For whatever reason, our Christmas is essentially Victorian. Clement Moore’s “The Night Before Christmas” is from 1822, just a decade before the start of the reign of Queen Victoria. “A Christmas Carol” was published in 1843. Plum pudding? Victorian era. Santa Claus? As we know him now, as a jolly fat man in red suit with sleigh and reindeer, yes — Victorian.
But there are older Christmas traditions, some thankfully set aside — or regretfully, depending on your daredevil sensibilities. The Vikings, as an example, are supposed to have set fire to a gigantic wreath and rolled it down a hill, which is far more exciting than our tradition. And, in the Middle Ages in England, there were mystery plays. These were communal events telling tales from the Bible, performed by artisan guilds on the back of decorated carts called “pageants.” And, amazingly, one has been kicking around the Twin Cities for more than two decades, in one form or another.
In its medieval conception, it was called “The Second Shepherd’s Play,” part of the Wakefield Cycle of mystery plays that kicked around West Yorkshire in the 12th century or thereabouts, and told the story of an English sheep thief who somehow winds up at the birth of Jesus. And it hasn’t changed that much — there’s still a sheep thief, there’s still the birth of Jesus, although, in its current incarnation, the devil is one of the main characters.
Now titled “The Holiday Pageant,” the production is a generally annual Christmas undertaking by the Open Eye Figure Theatre. From the sounds of things, it was a collaborative creation — it started out as a skit performed in the house of Michael Sommers and Susan Haas, who run the theater. But it took form over the years, aided by a wickedly funny script by Sommers, all written in rhymed couplets and the frequent accompaniment of a brass band. I’ve seen it three times, by my count, and it’s a rowdy affair, filled with knockabout comedy and purposefully juvenile humor, recalling another Christmas tradition — the English pantomime.
Usually the devil doesn’t get this much stage time as he does in the production — he’s a constant presence, cackling over the play’s events and attempting to influence its outcome with the help of a bumbling assistant. Why so much Satan? He’s played by Michael Sommers, and his frequent castmate and collaborator Kevin Kling told me several years ago that this role was inevitable for Sommers. “I ran into his mother once and she told me that when he was a boy, everybody wanted to be angels or wise men, but Mike always asked to be Satan,” Kling said.
Sheep thieves and diabolic interference aside, it’s still recognizably a Christmas play, including cookies and hot cider. “The plays has snow and a manger scene,” Kling told me. “How much more Christmas can you get? Come on!”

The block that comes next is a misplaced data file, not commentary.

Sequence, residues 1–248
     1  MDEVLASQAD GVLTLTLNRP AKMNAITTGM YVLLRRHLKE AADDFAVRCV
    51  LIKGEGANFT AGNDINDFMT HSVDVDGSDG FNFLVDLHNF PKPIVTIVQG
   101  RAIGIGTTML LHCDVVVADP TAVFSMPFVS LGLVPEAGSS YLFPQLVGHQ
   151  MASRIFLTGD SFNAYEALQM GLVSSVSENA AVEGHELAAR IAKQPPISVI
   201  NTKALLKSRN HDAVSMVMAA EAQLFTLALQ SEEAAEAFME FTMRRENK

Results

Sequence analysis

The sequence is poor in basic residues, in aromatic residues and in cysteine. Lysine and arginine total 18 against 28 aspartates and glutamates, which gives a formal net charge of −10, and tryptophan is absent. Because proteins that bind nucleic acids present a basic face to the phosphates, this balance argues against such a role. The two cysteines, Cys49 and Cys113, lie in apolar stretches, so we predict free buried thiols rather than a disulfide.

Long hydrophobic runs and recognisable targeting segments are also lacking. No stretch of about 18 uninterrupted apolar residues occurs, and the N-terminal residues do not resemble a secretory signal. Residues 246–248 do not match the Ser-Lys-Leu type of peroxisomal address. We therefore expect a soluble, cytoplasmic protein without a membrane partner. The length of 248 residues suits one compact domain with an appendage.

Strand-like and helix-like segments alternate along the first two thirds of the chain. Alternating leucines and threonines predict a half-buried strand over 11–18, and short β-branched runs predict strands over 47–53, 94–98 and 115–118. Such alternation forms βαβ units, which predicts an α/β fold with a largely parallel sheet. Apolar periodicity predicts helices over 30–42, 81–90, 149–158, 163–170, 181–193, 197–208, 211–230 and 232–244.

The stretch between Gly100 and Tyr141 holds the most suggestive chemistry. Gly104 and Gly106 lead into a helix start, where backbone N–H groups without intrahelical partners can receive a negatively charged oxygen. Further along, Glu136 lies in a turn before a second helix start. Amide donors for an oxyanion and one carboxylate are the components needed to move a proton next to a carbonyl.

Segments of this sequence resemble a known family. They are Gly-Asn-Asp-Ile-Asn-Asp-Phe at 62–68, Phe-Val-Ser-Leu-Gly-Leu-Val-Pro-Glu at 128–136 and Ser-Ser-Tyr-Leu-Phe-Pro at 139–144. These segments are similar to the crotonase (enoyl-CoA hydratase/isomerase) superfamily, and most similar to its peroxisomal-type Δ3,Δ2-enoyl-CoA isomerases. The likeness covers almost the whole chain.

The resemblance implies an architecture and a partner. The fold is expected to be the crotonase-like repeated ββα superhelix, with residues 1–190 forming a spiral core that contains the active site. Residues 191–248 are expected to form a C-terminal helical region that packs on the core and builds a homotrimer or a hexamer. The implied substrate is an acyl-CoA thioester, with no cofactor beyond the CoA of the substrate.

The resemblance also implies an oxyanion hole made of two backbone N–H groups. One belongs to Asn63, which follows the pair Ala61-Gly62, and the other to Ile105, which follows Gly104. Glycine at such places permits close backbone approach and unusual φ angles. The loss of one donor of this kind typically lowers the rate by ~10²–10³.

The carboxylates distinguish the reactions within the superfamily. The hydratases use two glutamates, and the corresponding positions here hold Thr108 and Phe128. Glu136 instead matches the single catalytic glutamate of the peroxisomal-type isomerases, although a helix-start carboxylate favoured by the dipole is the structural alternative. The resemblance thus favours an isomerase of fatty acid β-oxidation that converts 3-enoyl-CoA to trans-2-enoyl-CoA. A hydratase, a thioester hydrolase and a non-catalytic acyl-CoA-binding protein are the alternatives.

While we’re looking backward, let me indulge in some nonsense for a moment. Let’s start with a video:
Here we have a puzzling short film of four men — the singing group The King’s Men, led by Academy Award-winning composer Ken Darby — in a boarding house, repeatedly singing what sounds to be a random assemblage of consonants and vowels. The continue like this obsessively, until their enraged housemates ship them off to a rubber room, where, encased in straightjackets, they continue singing.
I feel a bit bad for bringing this song back into the public consciousness, as I suspect America spent a decade or more earnestly trying to get it out of their head. The song is called “The Hut Song,” and, if you’re trying to figure out what they’re saying, it’s “Hut-Sut Rawlson on the rillerah add a little brawla, brawla too it.”
No, it doesn’t mean anything. Back in the 1940s, America seemed to be crazy for nonsense songs. There was, for example, “Mairzy Doats,” which actually makes sense if you think about it too hard, which I can’t recommend. The most popular version of “Mairzy Doats” was recorded by the Merry Macs, a Minneapolis-based dance band that featured a fellow named Ted McMichael. So we can blame Minneapolis for informing us that “a kiddley divey too.”
As it happens, we can also blame Minneapolis for “The Hut Song” — Ted McMichael was one of its authors. Worse still, the lyrics were penned by Leo Killion, another Minneapolitan, and the lyrics are meant to parody the Swedish folks songs he heard growing up. There’s another author, Jack Owens, but he’s best known for penning Hawaiian songs, such as “The Hukilau Song,” Jack Owens was not from Minneapolis. It’s a pity we can’t claim him, as he was quite a character. His professional nickname was “The Cruising Crooner,” the result of his habit of going into the audience and singing directly at female audience members, sometimes sitting in their laps while they gestured that they were about to die of mortification.
The three of them created a song that genuinely seems to have the capacity to drive a listener to the madhouse — you’ve probably got it stuck in your head right now, and there it will stay, especially if you listen to this chipper version by Elsie Carlisle, or the original tight-harmony swing version by Minnesota’s own Merry Macs.